Posted by Alison Scott at 09:10 AM | Comments (0)

June 09, 2009

Two adult games and a tantalising preview

When GTA: Chinatown Wars was released, people looked closely to see whether an 'adult' game would sell on the Nintendo DS. It was the first 18 rated game on the DS, better known for bouncy plumbers and the like. It got fantastic reviews, but the skeptics were right; it has not sold particularly well, and has been marked down to £9.99 on Amazon.

I was intrigued by the reviews so I got a copy, despite a longstanding hate of both driving games and crime simulations (I'm very law-abiding). It is fantastic fun and well worth a tenner. It is possibly a bit immoral; you certainly find yourself gunning down people with abandon, and although the drug-dealing sub-game is 'optional', you will quickly find yourself unarmed and penniless if you don't join in. There's a good range of missions and some of the plotting is genuinely funny. GTA is famed for its sandboxes and there are lots of fun things you can do in this game that have nothing to do with the main plot. For example, all the service vehicles can be stolen and then used, so you can drive a cab and pick up fares, drive a police car and respond to crimes, drive a fire engine and put out fires, and so on. And the pacing is fantastic for a DS game; you can pick it up and have fun in just a few minutes. The graphics beat anything I've previously seen on the DS by some margin too; Liberty City is huge, and it's all distinctive, and I don't know how they have done it.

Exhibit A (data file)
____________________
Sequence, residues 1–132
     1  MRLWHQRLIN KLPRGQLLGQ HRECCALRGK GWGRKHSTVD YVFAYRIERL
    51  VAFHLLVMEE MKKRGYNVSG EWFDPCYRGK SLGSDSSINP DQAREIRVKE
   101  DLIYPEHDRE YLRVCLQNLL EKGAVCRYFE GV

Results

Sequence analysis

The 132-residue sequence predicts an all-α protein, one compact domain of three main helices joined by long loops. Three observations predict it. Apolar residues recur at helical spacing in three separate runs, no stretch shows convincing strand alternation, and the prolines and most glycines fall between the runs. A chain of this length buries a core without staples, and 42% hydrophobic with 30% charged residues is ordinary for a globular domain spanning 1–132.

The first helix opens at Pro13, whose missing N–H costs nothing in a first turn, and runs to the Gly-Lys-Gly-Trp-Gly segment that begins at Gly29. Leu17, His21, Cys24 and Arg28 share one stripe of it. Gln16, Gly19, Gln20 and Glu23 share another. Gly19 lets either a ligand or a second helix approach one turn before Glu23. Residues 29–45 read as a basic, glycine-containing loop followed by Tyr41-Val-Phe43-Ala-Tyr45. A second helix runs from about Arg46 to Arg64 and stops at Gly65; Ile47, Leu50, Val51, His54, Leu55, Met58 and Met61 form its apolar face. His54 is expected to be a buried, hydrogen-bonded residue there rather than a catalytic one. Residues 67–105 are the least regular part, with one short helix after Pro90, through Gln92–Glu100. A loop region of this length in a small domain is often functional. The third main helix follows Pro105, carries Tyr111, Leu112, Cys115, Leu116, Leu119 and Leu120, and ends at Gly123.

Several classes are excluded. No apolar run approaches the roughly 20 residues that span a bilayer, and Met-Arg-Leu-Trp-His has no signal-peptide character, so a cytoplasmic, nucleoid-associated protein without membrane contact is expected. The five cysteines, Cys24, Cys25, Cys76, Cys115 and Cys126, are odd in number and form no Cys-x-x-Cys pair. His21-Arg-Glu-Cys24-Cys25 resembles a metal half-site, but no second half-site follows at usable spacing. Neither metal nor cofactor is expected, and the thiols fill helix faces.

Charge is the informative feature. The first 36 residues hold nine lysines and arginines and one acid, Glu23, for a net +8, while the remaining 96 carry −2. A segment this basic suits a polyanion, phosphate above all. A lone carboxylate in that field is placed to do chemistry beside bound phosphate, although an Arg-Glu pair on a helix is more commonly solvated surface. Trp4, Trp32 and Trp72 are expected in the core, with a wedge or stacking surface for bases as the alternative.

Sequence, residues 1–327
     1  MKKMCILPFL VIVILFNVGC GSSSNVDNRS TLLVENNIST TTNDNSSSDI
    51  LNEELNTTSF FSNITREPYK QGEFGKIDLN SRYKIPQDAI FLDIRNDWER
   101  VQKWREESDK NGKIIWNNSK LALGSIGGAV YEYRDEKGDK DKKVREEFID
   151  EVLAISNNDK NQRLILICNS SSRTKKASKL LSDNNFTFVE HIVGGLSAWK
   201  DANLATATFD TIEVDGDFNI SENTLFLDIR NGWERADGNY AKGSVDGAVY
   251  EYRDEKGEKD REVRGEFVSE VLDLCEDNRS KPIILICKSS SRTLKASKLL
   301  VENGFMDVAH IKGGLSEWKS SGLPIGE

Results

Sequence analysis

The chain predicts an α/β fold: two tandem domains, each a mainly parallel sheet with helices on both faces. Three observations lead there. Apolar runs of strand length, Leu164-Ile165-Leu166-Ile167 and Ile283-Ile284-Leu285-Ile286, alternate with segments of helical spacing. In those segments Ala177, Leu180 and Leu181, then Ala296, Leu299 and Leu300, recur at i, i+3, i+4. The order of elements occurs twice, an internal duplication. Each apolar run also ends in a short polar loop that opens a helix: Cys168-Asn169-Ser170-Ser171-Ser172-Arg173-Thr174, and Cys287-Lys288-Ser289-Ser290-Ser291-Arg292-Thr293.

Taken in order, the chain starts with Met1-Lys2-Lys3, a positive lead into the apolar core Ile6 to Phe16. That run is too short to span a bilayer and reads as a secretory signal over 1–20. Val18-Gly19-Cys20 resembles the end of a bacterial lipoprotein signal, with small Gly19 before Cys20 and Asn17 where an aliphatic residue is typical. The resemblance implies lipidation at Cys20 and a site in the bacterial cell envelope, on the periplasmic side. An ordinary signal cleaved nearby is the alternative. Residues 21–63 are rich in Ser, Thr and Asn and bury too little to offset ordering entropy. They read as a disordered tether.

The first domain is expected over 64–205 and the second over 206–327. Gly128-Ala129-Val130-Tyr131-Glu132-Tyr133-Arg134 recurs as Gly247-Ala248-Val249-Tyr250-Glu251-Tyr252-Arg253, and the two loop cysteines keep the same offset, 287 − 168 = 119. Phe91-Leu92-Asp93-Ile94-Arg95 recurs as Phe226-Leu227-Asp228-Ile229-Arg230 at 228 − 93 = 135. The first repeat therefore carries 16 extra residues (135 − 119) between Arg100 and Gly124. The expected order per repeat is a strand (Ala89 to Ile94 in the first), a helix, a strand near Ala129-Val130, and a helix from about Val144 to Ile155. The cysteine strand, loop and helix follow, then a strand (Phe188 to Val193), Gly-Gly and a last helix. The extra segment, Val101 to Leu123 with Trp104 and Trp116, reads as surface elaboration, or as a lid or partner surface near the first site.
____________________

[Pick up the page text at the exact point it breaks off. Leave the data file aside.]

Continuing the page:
GTA: Chinatown Wars is an adult game that says 'here, come and play at doing things you'd never dream of doing in real life, in a ludicrous fantasy world where you are much tougher than a pack of hardened goons, your car automatically drives in a straight line and nobody fires straight.' One of the reasons that people criticise GTA is that it 'glamorises' crime but I think it is just doing the same thing as any simulation game; making a hard thing (making crime pay) seem much easier, just like Guitar Hero or Wii Tennis.

In other adult gaming news, I'm playing the new Mac version of Braid, the thinky, philosophical puzzle game disguised as a platformer. The premise is that of Super Mario; Tim (I do not know whether Tim is a plumber by trade) has lost his princess and is searching for her. He has to collect jigsaw pieces which are cashed in for the ending, and like in Prince of Persia, he can rewind time to avoid getting killed by monsters. That description misses out three key things. The first is that rewinding time is not merely a death-avoidance gimmick. In practice you have to rewind time, in many and variously tricky ways, to solve the puzzles, nearly all of which are fiendish. The second is that this game is exceptionally beautiful, and I am a sucker for pretty games. And the third, of course, is that Tim is not an uncomplicated little plumber. The game is framed with his ruminations on time, loss, princesses, and the general weight of living. The game has an ending, which I have been somewhat spoilt for by randomly wambling round the internet; so you will want to be careful about that.